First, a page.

Broadcast and IT network engineers view the same datalink quite differently. Neither viewpoint is wrong, but confusion between terms and performance set the stage for misunderstanding. Tony Orme explains terminology and how both types of engineers can better understand the other.
A second suggested article may help broadcasters moving into OTT delivery to better ensure high quality delivery. First on that goal is the important issue of QoE, Quality of Experience. Readers will learn how to monitor and QC real-time program streams using new T&M tools and practices.
IT engineers think of network capacity in terms of bits/second, as opposed to broadcast engineers who think in terms of bandwidth, return loss, phase distortion and reflections. Further problems arise when we start discussing actual data throughput in a system.
Broadcasters will assume a 10MHz point-to-point network will allow them to send signals with 10MHz bandwidths. As IT networks are based on packets of data, there is an inherent loss of data in the system due to the headers and spaced distribution. The result is that a 10Mb/s circuit might only have a useful data-rate of 9.5Mbps.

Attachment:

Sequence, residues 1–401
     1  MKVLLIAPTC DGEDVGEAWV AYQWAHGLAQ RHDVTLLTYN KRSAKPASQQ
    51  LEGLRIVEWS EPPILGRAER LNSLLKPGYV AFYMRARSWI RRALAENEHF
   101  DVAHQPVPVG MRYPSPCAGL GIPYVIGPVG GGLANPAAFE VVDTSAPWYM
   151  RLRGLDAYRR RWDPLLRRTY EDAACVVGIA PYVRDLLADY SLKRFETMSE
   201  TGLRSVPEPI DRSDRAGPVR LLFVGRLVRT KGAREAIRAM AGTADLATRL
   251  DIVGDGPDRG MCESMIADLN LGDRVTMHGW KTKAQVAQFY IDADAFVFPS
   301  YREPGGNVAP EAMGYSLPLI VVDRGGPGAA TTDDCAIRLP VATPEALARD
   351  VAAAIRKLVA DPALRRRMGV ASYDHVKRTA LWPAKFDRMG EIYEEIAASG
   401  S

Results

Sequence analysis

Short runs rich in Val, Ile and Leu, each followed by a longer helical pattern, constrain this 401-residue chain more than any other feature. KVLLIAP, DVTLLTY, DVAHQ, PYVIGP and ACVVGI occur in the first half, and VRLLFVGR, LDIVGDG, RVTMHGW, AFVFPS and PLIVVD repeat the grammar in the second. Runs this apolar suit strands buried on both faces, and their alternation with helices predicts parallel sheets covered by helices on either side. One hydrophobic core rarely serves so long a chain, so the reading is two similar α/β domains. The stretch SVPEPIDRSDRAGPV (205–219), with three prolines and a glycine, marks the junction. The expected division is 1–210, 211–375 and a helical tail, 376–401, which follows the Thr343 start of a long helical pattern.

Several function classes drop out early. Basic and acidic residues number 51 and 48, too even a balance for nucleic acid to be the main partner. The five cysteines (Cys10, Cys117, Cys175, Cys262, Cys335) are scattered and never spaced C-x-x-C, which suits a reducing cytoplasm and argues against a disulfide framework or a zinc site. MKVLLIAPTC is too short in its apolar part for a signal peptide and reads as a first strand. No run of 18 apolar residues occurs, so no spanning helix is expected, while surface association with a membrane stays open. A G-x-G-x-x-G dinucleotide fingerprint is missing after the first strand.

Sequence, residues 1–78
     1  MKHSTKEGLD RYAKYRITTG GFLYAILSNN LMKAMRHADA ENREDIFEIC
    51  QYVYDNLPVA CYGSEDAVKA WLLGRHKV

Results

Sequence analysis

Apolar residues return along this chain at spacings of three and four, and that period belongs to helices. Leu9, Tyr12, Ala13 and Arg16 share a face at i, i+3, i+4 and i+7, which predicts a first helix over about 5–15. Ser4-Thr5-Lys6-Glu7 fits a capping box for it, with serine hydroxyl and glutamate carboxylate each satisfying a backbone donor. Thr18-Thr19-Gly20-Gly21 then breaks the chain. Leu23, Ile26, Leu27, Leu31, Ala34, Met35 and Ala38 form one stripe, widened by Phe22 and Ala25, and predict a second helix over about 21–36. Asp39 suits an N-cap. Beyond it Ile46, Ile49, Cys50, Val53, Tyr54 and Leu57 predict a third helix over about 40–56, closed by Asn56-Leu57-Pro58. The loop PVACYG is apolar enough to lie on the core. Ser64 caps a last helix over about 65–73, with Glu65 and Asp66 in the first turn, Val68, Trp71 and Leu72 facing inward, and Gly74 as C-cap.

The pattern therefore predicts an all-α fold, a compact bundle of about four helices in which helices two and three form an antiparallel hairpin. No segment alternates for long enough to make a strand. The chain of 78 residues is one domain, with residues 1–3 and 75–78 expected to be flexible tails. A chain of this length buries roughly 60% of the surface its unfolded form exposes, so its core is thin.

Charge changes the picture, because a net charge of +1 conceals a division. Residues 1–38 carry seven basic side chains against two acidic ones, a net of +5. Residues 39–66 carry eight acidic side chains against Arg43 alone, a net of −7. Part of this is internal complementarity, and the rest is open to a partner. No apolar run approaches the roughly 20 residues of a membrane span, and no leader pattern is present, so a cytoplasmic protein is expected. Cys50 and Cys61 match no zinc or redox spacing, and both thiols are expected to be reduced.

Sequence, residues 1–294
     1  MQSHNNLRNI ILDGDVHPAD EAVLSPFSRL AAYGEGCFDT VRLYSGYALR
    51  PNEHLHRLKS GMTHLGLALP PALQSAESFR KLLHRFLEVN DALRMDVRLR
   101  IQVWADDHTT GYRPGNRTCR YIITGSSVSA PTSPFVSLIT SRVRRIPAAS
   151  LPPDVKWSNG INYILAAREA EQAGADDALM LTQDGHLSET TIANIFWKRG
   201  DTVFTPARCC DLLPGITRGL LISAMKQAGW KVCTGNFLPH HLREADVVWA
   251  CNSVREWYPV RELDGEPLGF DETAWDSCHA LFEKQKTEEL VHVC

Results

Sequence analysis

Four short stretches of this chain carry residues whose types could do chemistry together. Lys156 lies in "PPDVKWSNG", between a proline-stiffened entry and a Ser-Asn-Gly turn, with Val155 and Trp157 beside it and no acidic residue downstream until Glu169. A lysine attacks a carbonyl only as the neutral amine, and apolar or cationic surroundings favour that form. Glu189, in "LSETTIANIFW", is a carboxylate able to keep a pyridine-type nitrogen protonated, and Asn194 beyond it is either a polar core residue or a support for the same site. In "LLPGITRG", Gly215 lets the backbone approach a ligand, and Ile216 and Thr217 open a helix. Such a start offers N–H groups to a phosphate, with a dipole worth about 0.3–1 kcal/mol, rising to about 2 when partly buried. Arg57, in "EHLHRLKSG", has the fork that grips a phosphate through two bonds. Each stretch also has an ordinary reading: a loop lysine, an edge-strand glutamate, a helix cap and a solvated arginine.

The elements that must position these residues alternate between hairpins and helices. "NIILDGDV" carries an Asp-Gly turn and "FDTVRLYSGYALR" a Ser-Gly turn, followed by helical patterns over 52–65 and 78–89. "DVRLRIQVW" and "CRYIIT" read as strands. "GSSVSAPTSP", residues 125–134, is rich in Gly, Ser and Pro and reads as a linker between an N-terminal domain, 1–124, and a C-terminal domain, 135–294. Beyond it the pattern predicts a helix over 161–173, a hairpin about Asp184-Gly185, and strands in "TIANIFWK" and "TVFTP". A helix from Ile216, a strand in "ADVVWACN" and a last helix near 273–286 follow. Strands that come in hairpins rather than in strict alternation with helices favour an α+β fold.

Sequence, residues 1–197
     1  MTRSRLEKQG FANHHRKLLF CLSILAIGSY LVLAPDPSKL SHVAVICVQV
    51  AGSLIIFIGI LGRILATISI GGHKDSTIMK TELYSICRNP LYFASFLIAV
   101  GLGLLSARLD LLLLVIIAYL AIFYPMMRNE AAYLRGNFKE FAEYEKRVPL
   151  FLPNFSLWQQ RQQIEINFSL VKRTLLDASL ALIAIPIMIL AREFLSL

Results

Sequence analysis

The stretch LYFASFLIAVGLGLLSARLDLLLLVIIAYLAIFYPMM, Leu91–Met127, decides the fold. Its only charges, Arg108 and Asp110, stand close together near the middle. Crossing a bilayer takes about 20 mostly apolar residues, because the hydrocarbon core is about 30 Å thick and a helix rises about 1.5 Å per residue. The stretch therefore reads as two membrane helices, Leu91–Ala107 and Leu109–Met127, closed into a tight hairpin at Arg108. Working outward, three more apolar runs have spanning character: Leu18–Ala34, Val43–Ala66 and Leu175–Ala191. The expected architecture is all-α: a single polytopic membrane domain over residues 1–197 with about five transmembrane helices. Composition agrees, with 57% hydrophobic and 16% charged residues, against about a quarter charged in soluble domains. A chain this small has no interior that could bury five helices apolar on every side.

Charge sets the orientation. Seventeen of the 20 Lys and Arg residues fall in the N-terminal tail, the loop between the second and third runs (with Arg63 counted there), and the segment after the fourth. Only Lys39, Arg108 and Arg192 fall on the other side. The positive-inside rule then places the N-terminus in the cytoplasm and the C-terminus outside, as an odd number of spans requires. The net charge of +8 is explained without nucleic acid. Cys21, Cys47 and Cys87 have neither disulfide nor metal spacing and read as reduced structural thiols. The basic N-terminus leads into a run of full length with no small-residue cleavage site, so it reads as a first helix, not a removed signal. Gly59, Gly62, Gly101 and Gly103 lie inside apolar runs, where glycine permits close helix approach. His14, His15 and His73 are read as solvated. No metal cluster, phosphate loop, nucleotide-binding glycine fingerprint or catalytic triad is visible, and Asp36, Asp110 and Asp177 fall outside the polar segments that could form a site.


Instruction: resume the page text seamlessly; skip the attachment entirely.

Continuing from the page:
Consultant Tony Orme explains the key differences in how IT and broadcast engineers define network performance so reliable working systems can be built.
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A file-based QC and monitor solution helps ensure that broadcasters deliver high quality video and audio, which helps retain viewers.
The consumption of OTT and streaming video have increased significantly. Now, 86-percent of U.S. smartphone users watch video on their phones. Given these changing viewer demands, broadcasters need to embrace OTT workflows. To ensure an accurate delivery of technically sound content, engineers need a new set of quality control (QC) and monitoring tools.
In the broadcast realm, stored programs (i.e., VOD assets) are managed via file-based workflows. This gives the broadcaster time to guarantee that all assets are of superior quality by using file-based QC tools during the content preparation stage. However, in the case of live streams, content is transcoded in real time into various ABR formats. This means that any delivery issues with real-time program streams must be verified using real-time OTT content monitoring tools. This article suggests tools and practices.
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